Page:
Last year, the college established its Energy and Manufacturing Institute to offer training for jobs in the oil and gas industry. Through this institute, students are taught a combination of skills to prepare them for careers in petroleum field services and automated manufacturing.
The institute offers two pre-apprenticeship certification programs that last six weeks – an engineering technician program and machining program. A machinist fabricates all the parts that go on a rig or subsea valve, while the engineering technicians put everything together and keep things running.
Lone Star last year offered 60 slots through a state-funded grant for its engineering technician assistant pre-apprenticeship program. Due to an overwhelming demand, all slots for the grant program have been filled at this point. While the machining program does have a tuition cost, students can apply for financial aid through their local Workforce Solutions Center.
Through these newest set of programs, students can be trained to work on a land or subsea rig or in a manufacturing assembling company.
Students who participate in these programs can do an internship or pre-apprenticeship with an oil and gas company as they are participating in these programs, or after they complete the program, to gain on-the-job training. Once they complete the pre-apprenticeship programs, they can either move into a more in-depth program at Lone Star College System or transition into the workforce.
“We’re trying to help companies find workers with fast entry-level type programs to meet demand,” said David Lenzi, director of energy & manufacturing for Lone Star College System.
Lenzi sees the college’s programs as a way to fill demand for skilled blue collar jobs, such as machinists, as the number of oil service and manufacturing companies open facilities, particularly in the I-10, Highway 249 and Beltway 8 area. According to Lone Star, a 14 percent increase in engineering technology careers will take place in Texas between 2008 and 2018.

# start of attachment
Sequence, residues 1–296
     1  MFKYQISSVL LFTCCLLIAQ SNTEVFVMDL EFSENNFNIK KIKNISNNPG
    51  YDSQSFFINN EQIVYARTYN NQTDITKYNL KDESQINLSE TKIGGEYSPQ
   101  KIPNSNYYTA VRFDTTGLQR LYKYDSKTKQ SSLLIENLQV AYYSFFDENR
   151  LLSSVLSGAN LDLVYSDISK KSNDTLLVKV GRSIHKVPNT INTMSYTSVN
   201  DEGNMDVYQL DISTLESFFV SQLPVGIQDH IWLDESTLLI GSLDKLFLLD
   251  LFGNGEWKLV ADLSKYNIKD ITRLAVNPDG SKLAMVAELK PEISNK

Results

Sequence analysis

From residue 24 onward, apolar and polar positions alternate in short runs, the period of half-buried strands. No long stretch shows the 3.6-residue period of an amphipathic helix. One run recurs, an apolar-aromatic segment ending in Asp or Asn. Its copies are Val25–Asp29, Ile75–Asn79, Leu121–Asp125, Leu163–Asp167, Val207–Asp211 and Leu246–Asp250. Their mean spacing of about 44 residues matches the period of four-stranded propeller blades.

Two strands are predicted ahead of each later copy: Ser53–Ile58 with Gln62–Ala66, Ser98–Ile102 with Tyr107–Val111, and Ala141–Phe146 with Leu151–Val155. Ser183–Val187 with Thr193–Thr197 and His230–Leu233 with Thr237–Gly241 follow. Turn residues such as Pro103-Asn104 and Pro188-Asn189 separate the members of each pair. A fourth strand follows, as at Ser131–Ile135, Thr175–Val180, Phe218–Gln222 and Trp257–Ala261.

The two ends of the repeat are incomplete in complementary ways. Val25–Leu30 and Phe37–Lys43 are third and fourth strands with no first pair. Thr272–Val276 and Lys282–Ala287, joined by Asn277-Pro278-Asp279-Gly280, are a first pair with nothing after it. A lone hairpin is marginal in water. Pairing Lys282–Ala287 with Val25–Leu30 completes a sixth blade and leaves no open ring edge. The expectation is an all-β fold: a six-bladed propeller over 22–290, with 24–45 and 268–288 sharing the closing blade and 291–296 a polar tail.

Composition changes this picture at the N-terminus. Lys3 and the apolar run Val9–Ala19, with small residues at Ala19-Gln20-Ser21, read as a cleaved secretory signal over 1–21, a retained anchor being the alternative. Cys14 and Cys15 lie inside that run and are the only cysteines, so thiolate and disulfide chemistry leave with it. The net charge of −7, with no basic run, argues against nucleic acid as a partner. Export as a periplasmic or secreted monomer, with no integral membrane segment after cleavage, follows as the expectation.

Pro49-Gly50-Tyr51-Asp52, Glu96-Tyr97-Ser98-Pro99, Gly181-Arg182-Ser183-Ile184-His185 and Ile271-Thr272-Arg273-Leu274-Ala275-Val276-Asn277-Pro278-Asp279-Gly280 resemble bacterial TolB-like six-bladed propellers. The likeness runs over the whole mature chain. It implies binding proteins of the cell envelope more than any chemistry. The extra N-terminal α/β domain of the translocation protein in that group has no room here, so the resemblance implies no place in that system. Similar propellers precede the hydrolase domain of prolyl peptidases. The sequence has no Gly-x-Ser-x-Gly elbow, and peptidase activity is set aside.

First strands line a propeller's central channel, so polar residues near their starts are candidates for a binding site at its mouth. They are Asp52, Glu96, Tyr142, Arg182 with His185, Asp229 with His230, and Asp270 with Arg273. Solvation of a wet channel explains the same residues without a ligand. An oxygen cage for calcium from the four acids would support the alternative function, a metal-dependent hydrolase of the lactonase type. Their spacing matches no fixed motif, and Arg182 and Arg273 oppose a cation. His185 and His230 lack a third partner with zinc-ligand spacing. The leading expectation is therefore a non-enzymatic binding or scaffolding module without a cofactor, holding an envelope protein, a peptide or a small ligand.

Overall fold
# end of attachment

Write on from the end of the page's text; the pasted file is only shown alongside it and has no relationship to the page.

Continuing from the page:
The college has been in discussions with companies considering a move to the city, informing them of the educational opportunities that exist here. Lone Star officials also have been seeking to further relationships with oil and gas companies to partner with the college on training opportunities, such as a simulation rig on which students can train in a real-world setting. The location of this simulation rig has not yet been determined.
Beyond these two fast-track programs, students can go on to earn other certifications for energy-related careers, including engineering technician, machine shop assistant, machine tool operator and welders, associate’s degrees and bachelor degrees through Lone Star’s university partners, which include the University of Houston and Sam Houston State University.
Starting March 1, the college in partnership with PetroEd will offer a pre-certification training program for oil and gas that’s geared towards accountants, sales managers and technical/business professionals who are new to the energy industry, investors and financial professionals seeking to understand oil and gas and all levels of petroleum industry support staff.
This course will teach the basics of upstream and downstream oil and gas, from how oil deposits are formed to how oil and gas are converted into products for the downstream energy industry.
Lone Star also offers customized corporate training and professional development seminars for current oil and gas workers.